Four young men wrongly arrested say they were racially profiled - WDRB 41 Louisville News

Four young men wrongly arrested say they were racially profiled

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LOUISVILLE, Ky. (WDRB) -- The four young men wrongly arrested by police after a night of mob violence in Louisville last March are talking about what happened to them.

The "misidentified four" and their attorneys held a press conference Thursday morning to talk about their $1.5 million settlement with the city. Shaquazz Allen, Tyrone Booker Jr., Jerron Bush and Craig Dean were all charged in connection to a robbery that happened in March of last year, the same day as an outbreak of mob violence in downtown Louisville. Police say a man with the victim made a positive identification. 

Allen and Booker also faced charges in connection to a separate assault. In that case, police say witnesses who were victims of the mob violence downtown identified them as the attackers after seeing their pictures on TV. 

All four were exonerated of the charges. 

"We were sitting on the porch. They came and got us. We were the first black people they seen," Booker said. 

The men believe they were racially profiled by police. 

"They humiliated our names and our backgrounds," Bush said. 

LMPD Chief Steve Conrad has said his officers made a mistake and didn't follow the proper policy for identifications, but he doesn't believe the officers' actions were based solely on race. 

"It's very important going forward that based on the horrible experience of these young men, that they do it right in the future and that in the future, people who are innocent not be identified of committing a crime they didn't do at a place they weren't at," said civil rights attorney Al Gerhardstein, who's been representing the men.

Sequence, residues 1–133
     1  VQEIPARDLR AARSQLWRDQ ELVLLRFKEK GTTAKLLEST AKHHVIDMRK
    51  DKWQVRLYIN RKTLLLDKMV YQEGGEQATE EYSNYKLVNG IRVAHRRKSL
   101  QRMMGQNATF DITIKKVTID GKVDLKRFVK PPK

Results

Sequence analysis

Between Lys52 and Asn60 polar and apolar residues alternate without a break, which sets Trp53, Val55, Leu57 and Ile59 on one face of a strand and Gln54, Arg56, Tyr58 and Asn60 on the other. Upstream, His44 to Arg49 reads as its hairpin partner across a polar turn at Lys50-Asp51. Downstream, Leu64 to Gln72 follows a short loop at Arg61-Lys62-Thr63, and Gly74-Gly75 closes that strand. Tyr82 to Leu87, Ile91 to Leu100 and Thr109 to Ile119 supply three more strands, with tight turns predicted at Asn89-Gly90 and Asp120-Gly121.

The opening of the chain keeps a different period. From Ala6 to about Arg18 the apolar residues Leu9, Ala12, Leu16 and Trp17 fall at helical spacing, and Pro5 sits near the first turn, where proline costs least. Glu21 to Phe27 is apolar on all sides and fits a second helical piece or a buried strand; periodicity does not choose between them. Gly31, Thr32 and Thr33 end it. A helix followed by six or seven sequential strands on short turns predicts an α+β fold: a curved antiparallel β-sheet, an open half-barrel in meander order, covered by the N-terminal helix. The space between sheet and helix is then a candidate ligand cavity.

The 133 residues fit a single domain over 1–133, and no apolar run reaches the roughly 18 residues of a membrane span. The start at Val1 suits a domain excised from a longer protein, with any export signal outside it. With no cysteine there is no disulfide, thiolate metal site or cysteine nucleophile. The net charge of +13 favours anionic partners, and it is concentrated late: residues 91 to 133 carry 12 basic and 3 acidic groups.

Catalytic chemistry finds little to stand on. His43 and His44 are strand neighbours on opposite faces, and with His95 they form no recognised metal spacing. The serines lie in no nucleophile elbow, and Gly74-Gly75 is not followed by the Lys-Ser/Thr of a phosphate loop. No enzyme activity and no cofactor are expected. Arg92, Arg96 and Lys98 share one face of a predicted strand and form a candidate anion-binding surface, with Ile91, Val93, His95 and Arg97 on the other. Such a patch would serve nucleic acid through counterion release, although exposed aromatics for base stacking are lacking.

Gerhardstein says police did not separate the victims in the robbery like they should have. "There was statements like, 'We've got people for you to ID,' suggesting that maybe the perpetrator had been found," he said about the investigation. "And then you pull up and you see four people spotlighted, holding their hands up like this, and then the victims point out two of them. Not four of them. And those individuals, these young men, were wearing clothing that didn't match what the victims had actually identified to the police." 

The city has agreed to pay the men $1.5 million, but some of the men say it doesn't make up for what they went through. Especially after spending time behind bars and on home incarceration. 

Mayor Greg Fischer apologized to the men about their wrongful arrests Wednesday and they accept. 

"His apology was very sincere," Dean said. 

"The apology meant more than the money," said Cheri Allen, Shaquazz Allen's mother. "So, the money I'm not even thinking about."

Craig Dean says he hopes the money helps them get back on track. 

Still, the men say they don't feel comfortable on the streets of Louisville anymore. Dean says they may be targets of the system. 

Now some of these young men plan on leaving their home town. 

"I'm going to move me and my family somewhere where we can at least enjoy life and not have to look over our shoulders," Booker said. 

Attorneys for the men say they were on the verge of filing a lawsuit but through talks they were able to reach a settlement. 

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